You’ve gazed up at it countless times, but have you ever really managed to take a good photo of the moon? Pointing your smartphone up at the sky on a particularly beautiful night can yield inconsistent results, but don’t be disheartened. With some guidance and the right camera gear, you can vastly improve your moon photography.
We teamed up with the photography experts at Ted’s Cameras to round up the best moon photography tips. Here is how to take good photos of the moon in three simple steps.
1. Use the right gear
First things first, you need to find the best camera to photograph the moon. While you can try your hand with whatever camera you can get your hands on, your chances of success will increase if you use a camera with compatibility with accessories, manual settings, and good low light performance. We recommend a DSLR or Mirrorless camera, with big zoom compact cameras also being a suitable option.
Although the moon can often look big in the sky, to frame it to perfection, you want to invest in a telephoto lens for your camera. This allows you to crop out peripheral details and fill more of the frame with the moon, making it the best lens for moon photography. We recommend a 200mm focal length to start off with, with zoom options providing greater flexibility when composing.
Another essential item for moon photography is a tripod. When mounted on a tripod, your camera will stay still as you shoot with slower shutter speeds, which eliminates camera shake. An added benefit is your composition remaining unchanged once you have perfected it.
The last item that you should consider adding to your kit is a light pollution filter. This easy to use accessory is handy for reducing the unwanted colour casts given off by artificial lighting, such as street lights. A must-have for all astrophotographers, these filters save plenty of time and frustration during the editing process.
2. Use the right camera settings for moon photography
While experimentation is the key to unearthing fresh results, there are a few key settings that you can lean on to take a good picture of the moon straight away.
- Set a low ISO speed (100-200). This will limit the amount of noise that your sensor will record, seeing as the shooting conditions will be dark.
- Aperture f8-11. This is a rough figure, so make some changes to see what works best. You are looking for the figure at which your lens is its sharpest.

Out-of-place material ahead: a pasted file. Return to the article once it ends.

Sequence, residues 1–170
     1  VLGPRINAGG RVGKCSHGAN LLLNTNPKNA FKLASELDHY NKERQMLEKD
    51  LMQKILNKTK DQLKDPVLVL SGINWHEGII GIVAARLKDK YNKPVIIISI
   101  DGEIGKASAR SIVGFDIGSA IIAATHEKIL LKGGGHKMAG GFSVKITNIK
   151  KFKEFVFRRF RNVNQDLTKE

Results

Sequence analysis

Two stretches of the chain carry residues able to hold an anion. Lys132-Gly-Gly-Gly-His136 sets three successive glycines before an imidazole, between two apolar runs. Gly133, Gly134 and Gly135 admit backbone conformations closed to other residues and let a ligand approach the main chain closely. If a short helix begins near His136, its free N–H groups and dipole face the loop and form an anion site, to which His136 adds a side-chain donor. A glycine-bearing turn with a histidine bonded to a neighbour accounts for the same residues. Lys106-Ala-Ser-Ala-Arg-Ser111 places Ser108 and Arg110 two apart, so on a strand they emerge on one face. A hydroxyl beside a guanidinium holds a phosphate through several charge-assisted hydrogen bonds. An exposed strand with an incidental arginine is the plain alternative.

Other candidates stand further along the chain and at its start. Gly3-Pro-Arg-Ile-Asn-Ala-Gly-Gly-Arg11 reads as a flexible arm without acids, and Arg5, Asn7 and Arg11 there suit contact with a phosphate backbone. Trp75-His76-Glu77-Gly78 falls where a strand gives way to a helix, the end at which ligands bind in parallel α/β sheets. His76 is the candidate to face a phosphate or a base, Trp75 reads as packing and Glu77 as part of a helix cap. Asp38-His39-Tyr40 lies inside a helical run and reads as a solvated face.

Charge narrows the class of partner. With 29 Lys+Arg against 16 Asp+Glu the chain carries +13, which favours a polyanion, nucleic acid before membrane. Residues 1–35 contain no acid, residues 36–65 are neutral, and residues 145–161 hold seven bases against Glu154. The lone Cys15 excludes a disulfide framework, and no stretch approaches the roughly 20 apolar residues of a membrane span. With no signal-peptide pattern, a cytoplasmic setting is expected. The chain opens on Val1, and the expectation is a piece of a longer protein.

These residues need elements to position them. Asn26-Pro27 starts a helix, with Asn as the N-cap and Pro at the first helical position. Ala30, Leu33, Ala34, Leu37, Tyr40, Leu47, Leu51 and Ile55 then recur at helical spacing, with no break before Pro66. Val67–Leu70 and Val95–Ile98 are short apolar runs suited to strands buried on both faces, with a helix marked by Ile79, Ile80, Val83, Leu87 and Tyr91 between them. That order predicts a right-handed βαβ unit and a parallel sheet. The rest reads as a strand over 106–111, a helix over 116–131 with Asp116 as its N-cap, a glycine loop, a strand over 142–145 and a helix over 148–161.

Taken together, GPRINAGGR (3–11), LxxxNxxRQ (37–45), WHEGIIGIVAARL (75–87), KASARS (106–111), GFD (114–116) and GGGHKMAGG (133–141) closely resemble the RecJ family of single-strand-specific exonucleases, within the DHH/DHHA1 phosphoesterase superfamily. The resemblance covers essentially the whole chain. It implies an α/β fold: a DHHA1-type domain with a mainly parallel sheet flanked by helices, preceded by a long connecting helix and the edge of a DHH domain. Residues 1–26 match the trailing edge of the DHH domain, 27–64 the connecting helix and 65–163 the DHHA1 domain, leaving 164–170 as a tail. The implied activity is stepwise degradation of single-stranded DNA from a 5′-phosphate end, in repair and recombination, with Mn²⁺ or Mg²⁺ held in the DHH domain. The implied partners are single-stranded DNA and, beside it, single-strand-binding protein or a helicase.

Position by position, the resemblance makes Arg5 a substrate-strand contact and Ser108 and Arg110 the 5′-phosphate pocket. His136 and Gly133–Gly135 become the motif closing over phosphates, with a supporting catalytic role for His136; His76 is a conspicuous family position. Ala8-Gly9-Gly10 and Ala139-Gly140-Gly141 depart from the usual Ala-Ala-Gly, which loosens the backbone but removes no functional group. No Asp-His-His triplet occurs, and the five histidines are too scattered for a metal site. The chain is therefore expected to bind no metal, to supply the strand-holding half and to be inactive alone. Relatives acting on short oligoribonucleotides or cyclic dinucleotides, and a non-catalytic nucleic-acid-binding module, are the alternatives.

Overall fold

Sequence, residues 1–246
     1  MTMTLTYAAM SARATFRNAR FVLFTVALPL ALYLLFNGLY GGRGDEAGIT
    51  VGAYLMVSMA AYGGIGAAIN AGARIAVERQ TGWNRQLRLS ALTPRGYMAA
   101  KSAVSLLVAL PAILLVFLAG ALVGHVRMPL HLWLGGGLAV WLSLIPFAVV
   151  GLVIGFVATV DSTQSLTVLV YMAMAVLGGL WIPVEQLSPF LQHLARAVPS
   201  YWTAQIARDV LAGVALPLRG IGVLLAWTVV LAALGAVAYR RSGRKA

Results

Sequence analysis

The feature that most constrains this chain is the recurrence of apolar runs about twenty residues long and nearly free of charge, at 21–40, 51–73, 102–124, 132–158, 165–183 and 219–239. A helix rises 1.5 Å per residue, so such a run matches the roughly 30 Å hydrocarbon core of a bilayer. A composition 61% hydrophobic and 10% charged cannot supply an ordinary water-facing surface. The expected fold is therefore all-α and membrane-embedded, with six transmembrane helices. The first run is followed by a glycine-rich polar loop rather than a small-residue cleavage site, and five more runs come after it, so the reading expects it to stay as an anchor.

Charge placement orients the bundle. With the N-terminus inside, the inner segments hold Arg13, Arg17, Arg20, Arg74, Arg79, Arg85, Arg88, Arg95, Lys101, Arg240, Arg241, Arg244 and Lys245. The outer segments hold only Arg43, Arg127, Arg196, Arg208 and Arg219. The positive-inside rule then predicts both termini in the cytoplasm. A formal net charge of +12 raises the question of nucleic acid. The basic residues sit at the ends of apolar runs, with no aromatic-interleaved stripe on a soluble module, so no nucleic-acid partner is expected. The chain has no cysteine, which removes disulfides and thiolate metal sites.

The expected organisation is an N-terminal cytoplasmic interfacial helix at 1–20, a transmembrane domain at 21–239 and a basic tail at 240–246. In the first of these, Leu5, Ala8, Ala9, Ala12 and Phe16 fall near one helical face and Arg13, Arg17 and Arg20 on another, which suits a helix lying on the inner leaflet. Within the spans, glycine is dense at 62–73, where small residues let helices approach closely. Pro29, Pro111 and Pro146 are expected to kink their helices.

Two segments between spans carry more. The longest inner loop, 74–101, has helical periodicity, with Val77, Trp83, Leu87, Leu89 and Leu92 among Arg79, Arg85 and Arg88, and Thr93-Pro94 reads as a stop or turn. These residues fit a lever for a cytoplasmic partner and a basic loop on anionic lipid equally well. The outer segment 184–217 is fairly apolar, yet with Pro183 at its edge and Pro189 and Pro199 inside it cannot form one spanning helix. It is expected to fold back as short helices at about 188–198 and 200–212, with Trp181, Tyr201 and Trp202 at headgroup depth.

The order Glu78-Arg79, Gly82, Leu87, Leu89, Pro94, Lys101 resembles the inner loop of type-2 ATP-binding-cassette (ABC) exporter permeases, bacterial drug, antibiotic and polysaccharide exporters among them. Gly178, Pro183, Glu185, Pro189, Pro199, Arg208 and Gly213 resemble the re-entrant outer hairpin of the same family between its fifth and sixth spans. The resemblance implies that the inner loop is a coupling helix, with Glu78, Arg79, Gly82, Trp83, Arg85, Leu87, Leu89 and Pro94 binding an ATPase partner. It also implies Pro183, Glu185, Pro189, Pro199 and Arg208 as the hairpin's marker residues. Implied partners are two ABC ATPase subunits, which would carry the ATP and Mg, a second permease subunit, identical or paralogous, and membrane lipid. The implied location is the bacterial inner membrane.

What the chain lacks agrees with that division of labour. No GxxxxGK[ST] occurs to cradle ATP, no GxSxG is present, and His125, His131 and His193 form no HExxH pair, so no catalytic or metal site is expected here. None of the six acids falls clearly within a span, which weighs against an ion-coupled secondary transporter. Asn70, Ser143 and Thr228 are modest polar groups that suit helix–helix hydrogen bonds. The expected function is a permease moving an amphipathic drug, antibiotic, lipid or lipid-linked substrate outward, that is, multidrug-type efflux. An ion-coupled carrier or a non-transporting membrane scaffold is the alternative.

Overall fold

- Shutter speed. With your ISO and aperture set, adjust your shutter speed accordingly. Take a few test shots and see what speed captures the best detail of the moon’s surface.
- Use manual focus. Your autofocus system may struggle with accuracy. Switch your lens to manual focus and take matters into your own hands.
3. Pick the right night and location
While full moon photos are the most popular when it comes to moon photography, each phase of the moon is picturesque in its own way. Study the phases of the moon and decide which you would like to photograph. Moon phases are predictable, so you can easily pick the right night by looking at your calendar or installing a dedicated app on your smartphone.
In terms of weather, it is a personal choice as to what conditions are the best for nighttime moon photography. If you want a stark image with as much detail of the moon as possible, keep an eye out for a clear night. Some photographers love the glow that the moon gives off when it gets covered in clouds. If this is you, pick a night with some cloud cover and wait for your perfect moment patiently.
Lastly, make sure you have a spot that gives you a clear view of the moon, without manmade or natural obstacles getting in the way. Go scouting before your shoot looking for your perfect moon gazing location. You may want to find a hill, so that you have a good vantage point of the moon as it rises above land and into view. Keep in mind, there are many tools online that can tell you when the moon will rise and at what position in the sky, so if you really want to be prepared to get the best shot, take this into account when you plan your shoot.
Get creative with your moon shots
Now that you’ve mastered the art of capturing great moon photos, it’s time to go out and get creative with your shots! For more photography inspiration and tutorials, make sure to check out Ted’s Cameras’ blog.